There is overwhelming scientific evidence that human activities are changing the climate system, which, in turn, is fundamentally transforming the world we live in. Images of melting ice caps, hurricanes, fires, droughts and floods have become a constant feature of the everyday news. These, in turn, affect the quality of life worldwide by way of increasing food and water shortages, forcing people out of their homes and exacerbating the existing inequalities. None of this is limited to the present generations, but it will in all its likelihood greatly affect the quality of life of future generations too.
In this course, we will approach these issues from a normative point of view. That is, we will attempt to decipher what does climate justice demand and who should secure it. We will do so by addressing some of the most fundamental ethical questions concerning climate change. Who has the responsibility to address climate change and on what grounds? Given the global scope of the problem, are collectives the only ones that bear duties or individuals should do their share too? Since climate change impacts the interests that many deem important, such as interests in life, health and nutrition, what kind of protection people are entitled to? What counts as adequate and fair compensation for those who lose their homes due to climate change and who should provide it? How much weight should be given to the interests of future generations? Should the population growth be limited, and if yes, how? Can we substitute the loss of nature with the provision of some other “good” or the nature is not substitutable at all? If not, why not? We will address questions such as these from various theoretical perspectives and we will also look at their practical implications.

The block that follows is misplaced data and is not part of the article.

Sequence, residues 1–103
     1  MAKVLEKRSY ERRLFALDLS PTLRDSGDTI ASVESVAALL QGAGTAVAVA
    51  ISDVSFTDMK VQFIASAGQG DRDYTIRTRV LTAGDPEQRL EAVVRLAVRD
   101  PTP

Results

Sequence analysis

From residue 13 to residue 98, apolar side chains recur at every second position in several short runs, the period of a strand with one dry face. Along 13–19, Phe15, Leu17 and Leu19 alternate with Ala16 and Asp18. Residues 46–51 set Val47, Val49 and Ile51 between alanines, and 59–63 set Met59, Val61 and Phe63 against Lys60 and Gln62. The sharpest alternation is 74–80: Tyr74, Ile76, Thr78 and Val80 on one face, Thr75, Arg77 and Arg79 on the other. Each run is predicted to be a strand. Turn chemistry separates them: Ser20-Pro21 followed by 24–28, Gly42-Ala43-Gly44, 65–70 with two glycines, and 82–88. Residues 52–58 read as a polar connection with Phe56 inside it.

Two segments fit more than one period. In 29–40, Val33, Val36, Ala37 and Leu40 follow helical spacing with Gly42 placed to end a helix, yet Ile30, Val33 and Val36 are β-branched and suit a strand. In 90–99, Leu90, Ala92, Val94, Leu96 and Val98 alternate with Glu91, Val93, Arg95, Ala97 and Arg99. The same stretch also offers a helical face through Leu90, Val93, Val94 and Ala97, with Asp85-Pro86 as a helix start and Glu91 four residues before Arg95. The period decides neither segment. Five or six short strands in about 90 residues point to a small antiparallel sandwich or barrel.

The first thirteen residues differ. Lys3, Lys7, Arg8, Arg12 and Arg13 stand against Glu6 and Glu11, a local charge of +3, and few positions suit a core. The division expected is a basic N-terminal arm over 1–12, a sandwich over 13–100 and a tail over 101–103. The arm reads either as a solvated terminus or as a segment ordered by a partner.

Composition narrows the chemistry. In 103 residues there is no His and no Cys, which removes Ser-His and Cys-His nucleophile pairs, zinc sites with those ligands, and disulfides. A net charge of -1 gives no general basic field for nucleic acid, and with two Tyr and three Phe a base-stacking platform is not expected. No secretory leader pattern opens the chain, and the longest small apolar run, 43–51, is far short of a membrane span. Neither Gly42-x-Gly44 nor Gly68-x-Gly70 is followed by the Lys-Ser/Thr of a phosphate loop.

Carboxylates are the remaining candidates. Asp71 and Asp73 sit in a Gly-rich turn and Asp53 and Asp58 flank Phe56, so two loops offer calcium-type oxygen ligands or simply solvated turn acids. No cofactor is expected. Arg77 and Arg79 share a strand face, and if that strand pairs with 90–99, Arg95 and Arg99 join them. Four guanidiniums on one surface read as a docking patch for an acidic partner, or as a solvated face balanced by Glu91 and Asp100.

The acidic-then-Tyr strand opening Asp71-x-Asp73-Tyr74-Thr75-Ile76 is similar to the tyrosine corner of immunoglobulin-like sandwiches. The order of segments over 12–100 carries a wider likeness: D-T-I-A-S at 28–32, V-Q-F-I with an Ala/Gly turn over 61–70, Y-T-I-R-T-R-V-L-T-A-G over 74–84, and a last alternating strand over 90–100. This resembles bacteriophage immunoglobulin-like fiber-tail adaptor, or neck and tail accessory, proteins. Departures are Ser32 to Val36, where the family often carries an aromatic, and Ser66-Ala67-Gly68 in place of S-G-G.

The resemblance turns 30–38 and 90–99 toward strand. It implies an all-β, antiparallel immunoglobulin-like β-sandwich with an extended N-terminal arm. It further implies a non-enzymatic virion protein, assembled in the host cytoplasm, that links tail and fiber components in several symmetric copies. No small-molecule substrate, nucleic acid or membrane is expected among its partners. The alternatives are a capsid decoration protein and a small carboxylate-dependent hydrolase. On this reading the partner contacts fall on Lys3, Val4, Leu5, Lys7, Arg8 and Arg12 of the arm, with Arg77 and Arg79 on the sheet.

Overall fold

By the end of the course, students will be able to:
Understand the ethical challenges raised by climate change
Understand key theoretical debates about rights and responsibilities concerning climate change
Evaluate ongoing global issues in terms of these theoretical accounts
Reconstruct and critically evaluate normative arguments in oral and written form.
Mode of instruction
The course will be taught in seminar form, combining short lectures and class discussions in plenary and small groups.
Class participation, a response paper and final essay. Details will be included in the syllabus.
The course syllabus including the reading list will be made available on Brightspace before the start of the course.
Mondays 13.15 and Thursdays 09.15 (online).